How pleasant, oh dear God, how pleasant
To journey on the blue sea
To cast off from shore
Aimless as thought.
I would set sail to the wind
And wander from sea to sea
To find myself one morning
In some deserted bay.
In a harbor large and clean
A harbor in coral isles
Where in the wake of clouds
A golden summer trails.
The languid scent of oleasters
Would fill me there
And the taste of sorrow
Never find that place.
Sparrows would nest in the flowered
Eaves of my dream castle
The evenings would unravel with colors
The days pass in pomegranate gardens.
– Orhan Veli Kanık – Translated by Ozcan Yalım, William Fielder and Dionis Coffin Riggs
I went to a boarding high school in Istanbul in the mid 70’s. Those were the worst days of my life. I missed my family terribly. The prison-like surroundings of that high school depressed me. After 3 years of hell in that high school I was damaged psychologically. It took me decades to recover from that ordeal.
It may be hard to imagine the conditions of that boarding high school for the younger generation. The boarding high schools in Turkey, today, are very modern and they have dormitories similar to the college dormitories in the US but my school in the mid 70’s was completely different. If you imagine something like the Phillips Exeter Academy you would be completely wrong. My high school occupied a city block in the most popular and affluent section of Istanbul known as Nisantasi. It was a square shaped building with a courtyard in the middle. There were no trees in the courtyard. We did not even have plants or flowers. Nothing! Just cement! I was not allowed to go outside during the week. They allowed me to go outside on Saturdays for 5 hours only. I remember watching the crowds walking on the most popular street in Istanbul from the windows of my classroom and feeling sad. People were free and I was not.
Our dormitory was a military style dormitory on the 5th floor. One big hall – 150 teenagers slept in that room. We were not allowed to go to the 5th floor until 9:00pm. After classes we could not go to the dormitory and relax. I went to the library instead. I spent all my free time in the library. Other kids spent most of their free time in the dining hall or in the courtyard playing basketball. Just to give you another example of how bad things were, they did not allow us take showers everyday. We were allowed to have showers on Friday nights only.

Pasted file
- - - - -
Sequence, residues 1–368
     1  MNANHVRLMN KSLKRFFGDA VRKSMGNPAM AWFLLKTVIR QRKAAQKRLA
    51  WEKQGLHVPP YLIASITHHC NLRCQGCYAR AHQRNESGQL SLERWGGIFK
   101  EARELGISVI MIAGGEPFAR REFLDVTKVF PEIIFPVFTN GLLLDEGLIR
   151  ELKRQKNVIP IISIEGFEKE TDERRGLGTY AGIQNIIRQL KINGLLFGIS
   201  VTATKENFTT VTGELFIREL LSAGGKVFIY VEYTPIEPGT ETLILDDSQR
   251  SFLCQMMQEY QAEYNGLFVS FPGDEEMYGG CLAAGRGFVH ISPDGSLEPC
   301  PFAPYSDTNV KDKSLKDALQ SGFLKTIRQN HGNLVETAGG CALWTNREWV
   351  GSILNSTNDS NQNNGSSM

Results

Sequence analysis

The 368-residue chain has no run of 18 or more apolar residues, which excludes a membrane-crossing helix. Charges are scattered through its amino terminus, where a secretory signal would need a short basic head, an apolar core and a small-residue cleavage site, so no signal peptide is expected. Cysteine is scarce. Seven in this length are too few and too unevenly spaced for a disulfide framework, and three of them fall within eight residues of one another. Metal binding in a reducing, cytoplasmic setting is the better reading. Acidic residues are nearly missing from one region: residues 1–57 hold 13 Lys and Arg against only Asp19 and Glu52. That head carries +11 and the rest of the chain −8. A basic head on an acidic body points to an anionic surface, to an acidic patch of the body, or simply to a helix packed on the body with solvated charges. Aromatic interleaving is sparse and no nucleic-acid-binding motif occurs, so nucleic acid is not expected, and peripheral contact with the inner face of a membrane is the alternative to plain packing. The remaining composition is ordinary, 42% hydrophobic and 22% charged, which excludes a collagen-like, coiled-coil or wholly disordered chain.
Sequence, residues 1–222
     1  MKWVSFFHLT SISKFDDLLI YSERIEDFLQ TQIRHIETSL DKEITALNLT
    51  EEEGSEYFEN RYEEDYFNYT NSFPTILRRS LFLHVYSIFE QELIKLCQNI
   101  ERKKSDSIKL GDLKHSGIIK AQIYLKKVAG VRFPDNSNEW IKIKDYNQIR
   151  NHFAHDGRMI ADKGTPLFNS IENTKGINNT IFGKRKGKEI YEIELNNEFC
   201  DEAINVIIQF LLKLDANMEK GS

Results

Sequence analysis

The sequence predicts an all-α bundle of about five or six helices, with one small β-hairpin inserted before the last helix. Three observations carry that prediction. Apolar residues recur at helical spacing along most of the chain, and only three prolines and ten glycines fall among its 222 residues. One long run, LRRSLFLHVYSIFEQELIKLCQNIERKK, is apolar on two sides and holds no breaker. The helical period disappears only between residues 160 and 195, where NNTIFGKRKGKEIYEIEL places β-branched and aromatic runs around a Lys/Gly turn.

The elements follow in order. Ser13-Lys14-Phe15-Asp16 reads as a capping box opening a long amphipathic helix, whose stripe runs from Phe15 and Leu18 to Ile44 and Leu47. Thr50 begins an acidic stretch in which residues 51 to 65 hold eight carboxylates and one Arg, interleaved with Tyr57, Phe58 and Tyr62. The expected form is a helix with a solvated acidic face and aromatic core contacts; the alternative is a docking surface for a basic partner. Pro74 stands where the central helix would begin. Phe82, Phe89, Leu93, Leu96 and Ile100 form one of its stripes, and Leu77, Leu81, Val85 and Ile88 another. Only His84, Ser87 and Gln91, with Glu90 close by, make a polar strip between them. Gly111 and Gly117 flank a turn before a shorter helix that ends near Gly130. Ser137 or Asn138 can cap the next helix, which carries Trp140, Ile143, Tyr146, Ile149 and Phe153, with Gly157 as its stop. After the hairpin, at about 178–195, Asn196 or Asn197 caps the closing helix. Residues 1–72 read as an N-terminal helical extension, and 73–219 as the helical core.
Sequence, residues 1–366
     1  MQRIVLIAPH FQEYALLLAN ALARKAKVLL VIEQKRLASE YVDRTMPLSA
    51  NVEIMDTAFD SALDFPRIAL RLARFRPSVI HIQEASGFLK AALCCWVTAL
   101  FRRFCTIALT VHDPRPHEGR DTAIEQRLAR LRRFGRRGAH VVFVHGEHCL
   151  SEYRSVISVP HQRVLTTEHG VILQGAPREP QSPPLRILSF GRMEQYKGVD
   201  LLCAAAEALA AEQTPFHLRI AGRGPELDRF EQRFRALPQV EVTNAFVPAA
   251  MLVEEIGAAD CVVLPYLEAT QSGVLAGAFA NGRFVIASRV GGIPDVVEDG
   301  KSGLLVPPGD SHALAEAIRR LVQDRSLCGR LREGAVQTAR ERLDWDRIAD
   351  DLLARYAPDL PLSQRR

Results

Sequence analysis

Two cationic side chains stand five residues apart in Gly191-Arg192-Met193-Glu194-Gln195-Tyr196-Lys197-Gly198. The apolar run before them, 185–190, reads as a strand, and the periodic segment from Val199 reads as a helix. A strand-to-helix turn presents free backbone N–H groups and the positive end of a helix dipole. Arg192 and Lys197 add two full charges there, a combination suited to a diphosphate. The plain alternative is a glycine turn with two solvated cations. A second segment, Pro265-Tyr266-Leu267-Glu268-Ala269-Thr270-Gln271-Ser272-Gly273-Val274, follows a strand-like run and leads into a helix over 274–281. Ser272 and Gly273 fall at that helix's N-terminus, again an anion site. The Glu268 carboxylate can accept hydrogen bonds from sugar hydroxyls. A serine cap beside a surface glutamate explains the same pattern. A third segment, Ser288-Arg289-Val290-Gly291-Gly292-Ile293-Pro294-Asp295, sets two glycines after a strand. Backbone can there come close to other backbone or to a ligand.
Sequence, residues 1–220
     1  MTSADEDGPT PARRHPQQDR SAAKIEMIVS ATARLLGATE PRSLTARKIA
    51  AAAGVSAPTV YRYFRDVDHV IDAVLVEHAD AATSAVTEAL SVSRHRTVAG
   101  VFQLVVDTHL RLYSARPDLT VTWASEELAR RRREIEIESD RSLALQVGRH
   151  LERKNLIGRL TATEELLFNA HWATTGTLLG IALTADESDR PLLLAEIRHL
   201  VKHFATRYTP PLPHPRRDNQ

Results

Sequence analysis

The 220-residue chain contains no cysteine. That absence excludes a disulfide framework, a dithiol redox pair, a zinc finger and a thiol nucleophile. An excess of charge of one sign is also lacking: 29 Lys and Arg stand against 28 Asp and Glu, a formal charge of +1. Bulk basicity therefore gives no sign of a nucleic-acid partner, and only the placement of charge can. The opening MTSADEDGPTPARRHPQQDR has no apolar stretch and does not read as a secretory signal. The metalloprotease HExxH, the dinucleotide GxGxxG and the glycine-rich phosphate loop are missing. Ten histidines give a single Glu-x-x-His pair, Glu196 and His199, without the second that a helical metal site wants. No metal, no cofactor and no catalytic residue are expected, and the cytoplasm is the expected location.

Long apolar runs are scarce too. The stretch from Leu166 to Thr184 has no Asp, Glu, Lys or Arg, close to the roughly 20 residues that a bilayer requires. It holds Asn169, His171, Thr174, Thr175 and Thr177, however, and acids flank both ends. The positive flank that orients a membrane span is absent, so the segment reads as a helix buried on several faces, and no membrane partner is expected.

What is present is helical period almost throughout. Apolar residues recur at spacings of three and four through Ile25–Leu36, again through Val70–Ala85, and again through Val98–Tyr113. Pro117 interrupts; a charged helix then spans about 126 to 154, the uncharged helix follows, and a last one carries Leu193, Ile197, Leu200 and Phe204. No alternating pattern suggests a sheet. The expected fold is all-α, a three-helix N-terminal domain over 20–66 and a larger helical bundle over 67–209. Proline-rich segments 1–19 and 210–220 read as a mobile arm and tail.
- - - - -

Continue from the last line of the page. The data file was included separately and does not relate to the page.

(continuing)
Classes were over at 4:00pm. Then we had 1 hour break. At 5:00pm we would go back to the classrooms and do homework. These study sessions were enforced. Nobody could go outside the classroom. Supervising teachers were making sure we were inside the classroom. Nobody studied, of course, except me. Kids used to talk very loudly and pull all kinds of pranks during these forced study sessions. At 7:00 pm we had dinner, at 8:00 pm we had another study session. At 9:00 pm they herded us into the dormitory hall on the 5th floor and at 9:30 pm they turned off the lights. Nobody could sleep at 9:30 pm. I wanted to sleep but I could not because of the noise.
I used to put myself to sleep in that crude environment by dreaming of sailboats. I don’t know why but the image of a sailboat had a calming effect on me. In elementary school I was drawing sailboats all the time. This is strange because I have not seen a sailboat until I was in college. Even in Istanbul sailboats were very rare in those days. I was born in a small coal mining town by the Black Sea in northern Turkey. I lived by the sea but I have never seen a sailboat in those years. The fishermen of the Black Sea use primitive motor boats for fishing. They don’t have sailboats.
Fast forward 40 years, I now live in a place where I can watch the sailboats go by. My apartment is full of sailboat reminders. I have two model sailboats as well. As for the real thing, I never bothered! I enjoy watching the sailboats but owning one would be too much work. I am a little too lazy when it comes to physical work.
I truly enjoy the the beauty in the form of a sailboat. I am attracted to the abstract idea behind the form.